From the time he took charge of the freedom struggle and the Indian National Congress in 1918, he was lovingly revered as "Mahatma", or "Great Soul" by millions of Indians. Although he was much averse to honorary addresses, Gandhi is still today commonly referred to as Mahatma Gandhi, rather than Mohandas Gandhi, all over the world. Apart from being considered one of the greatest Hindu and Indian leaders of all time, he is revered by many in India as the "Father of the Nation" or Bapu (Hindi for Father). His birthday on October 2, Gandhi Jayanti, is a national holiday in India. Indian National Congress (also known as the Congress Party, abbreviated INC) is a major political party in India. ... Jump to: navigation, search 1918 was a common year starting on Tuesday of the Gregorian calendar (see link for calendar) or a common year starting on Wednesday of the Julian calendar. ... Mahatma is Sanskrit for Great Soul. ... Jump to: navigation, search It has been suggested that this article or section be merged with Hindu people. ... Jump to: navigation, search Father of the Nation is a term used by many countries to describe a political or symbolic leader who was one of the most influential founding fathers of the nation. ... Jump to: navigation, search Hindī (हिन्दी) is an Indo-European language spoken mainly in North and Central India. ... October 2 is the 275th day (276th in leap years) of the year in the Gregorian Calendar, with 90 days remaining. ... Gandhi, taken in 1931. ... It has been suggested that this article or section be merged with :Indian festivals. ...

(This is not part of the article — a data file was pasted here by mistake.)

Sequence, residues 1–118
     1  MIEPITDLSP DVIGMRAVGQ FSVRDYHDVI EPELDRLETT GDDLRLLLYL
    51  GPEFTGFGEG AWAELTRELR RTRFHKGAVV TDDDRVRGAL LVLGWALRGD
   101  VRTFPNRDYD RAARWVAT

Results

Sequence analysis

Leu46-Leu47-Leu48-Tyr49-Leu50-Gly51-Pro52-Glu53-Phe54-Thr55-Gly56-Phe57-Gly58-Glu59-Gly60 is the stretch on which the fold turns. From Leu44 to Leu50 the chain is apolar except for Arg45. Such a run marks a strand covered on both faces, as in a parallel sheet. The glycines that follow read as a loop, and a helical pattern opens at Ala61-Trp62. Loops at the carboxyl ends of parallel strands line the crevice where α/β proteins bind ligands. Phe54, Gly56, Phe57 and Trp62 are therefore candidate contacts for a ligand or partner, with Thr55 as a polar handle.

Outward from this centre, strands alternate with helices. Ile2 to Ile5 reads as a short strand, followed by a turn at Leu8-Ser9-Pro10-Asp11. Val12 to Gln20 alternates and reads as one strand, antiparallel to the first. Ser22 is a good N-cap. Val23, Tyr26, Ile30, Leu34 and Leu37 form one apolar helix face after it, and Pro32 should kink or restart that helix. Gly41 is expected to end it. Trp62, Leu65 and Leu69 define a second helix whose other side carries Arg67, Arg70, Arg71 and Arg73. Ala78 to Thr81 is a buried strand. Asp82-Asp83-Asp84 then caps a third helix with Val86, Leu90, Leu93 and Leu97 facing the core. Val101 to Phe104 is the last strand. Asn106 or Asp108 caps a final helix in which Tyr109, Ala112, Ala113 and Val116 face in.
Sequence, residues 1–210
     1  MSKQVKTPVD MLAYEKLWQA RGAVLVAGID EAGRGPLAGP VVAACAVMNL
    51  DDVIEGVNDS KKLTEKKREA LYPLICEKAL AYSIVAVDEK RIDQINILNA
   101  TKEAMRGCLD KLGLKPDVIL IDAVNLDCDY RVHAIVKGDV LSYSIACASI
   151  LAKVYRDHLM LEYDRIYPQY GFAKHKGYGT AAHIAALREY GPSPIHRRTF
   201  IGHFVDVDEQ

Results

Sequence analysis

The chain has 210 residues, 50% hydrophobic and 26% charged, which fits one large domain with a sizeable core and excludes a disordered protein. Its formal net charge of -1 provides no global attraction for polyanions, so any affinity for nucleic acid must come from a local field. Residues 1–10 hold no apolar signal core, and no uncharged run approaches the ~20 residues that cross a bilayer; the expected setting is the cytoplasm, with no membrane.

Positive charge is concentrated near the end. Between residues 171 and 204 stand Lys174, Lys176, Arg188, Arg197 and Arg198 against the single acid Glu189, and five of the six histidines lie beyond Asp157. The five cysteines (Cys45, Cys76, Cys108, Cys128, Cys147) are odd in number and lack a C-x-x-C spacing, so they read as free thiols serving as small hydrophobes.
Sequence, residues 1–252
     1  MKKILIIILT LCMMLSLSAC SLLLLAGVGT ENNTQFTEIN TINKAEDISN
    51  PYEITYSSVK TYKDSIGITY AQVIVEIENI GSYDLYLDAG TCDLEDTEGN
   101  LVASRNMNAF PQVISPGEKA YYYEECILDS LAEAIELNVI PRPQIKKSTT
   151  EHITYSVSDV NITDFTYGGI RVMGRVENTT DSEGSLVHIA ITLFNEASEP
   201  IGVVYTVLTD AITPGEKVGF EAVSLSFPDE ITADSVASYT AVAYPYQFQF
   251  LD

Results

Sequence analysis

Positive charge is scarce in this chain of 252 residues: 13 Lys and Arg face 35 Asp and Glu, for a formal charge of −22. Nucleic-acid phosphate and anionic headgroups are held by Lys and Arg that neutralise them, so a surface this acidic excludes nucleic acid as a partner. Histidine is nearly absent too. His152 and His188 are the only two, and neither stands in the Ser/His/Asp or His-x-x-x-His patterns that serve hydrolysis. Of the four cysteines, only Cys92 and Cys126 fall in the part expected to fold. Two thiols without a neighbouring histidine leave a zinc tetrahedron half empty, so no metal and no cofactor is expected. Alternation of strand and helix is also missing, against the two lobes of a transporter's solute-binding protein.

By means of nonviolent civil disobedience, Gandhi helped bring about India's independence from British rule, inspiring other colonial peoples to work for their own independence and ultimately dismantling the British Empire. Gandhi's principle of satyagraha (from Sanskrit; satya for truth and agraha for endeavor), often translated as "way of truth" or "pursuit of truth", has inspired other freedom activists such as the Dalai Lama, Lech Wałęsa, Steve Biko, Aung San Suu Kyi and Nelson Mandela. However, not all these leaders kept to Gandhi's strict principle of nonviolence and nonresistance. Jump to: navigation, search An anti-war activist is arrested for civil disobedience on the steps of the Supreme Court on February 9, 2005. ... Jump to: navigation, search The British Empire in 1897, marked in pink, the traditional colour for Imperial British dominions on maps The British Empire was one of the worlds first global powers , a product of the European Age of Exploration that began with the global maritime empires of Portugal... Jump to: navigation, search Sanskrit ( संस्कृता) is an Indo-Aryan language, and a classical language of India. ... Tenzin Gyatso The fourteenth Dalai Lama Tenzin Gyatso (Tibetan: བསྟན་འཛིན་རྒྱ་མཚོ་ Wylie: Bstan dzin Rgya mtsho) (b. ... Office President of Poland Term of office from December 22, 1990 until December 23, 1995 Profession Electrician and shipyard worker Political party none, see Solidarity for details Spouse Danuta WaÅ‚Ä™sa Date of birth September 29, 1943 Place of birth Popowo, Poland Date of death Place of death Lech Wa... Jump to: navigation, search Stephen Biko Stephen Bantu Biko (December 18, 1946 – September 12, 1977) was a noted nonviolent anti-apartheid activist in South Africa in the 1960s. ... Aung San Suu Kyi Daw Aung San Suu Kyi (born June 19, 1945 in Rangoon, now known as Yangon) is a nonviolent pro-democracy activist in Burma, now known as Myanmar. ... Jump to: navigation, search Nelson Mandela Nelson Rolihlahla Mandela, (born July 18, 1918), was the first democratically elected President of South Africa, having previously been a prominent anti-apartheid activist there. ... Nonresistance (or non-resistance) is a sub-type of nonviolence that strictly limits resistance to the enemy. ...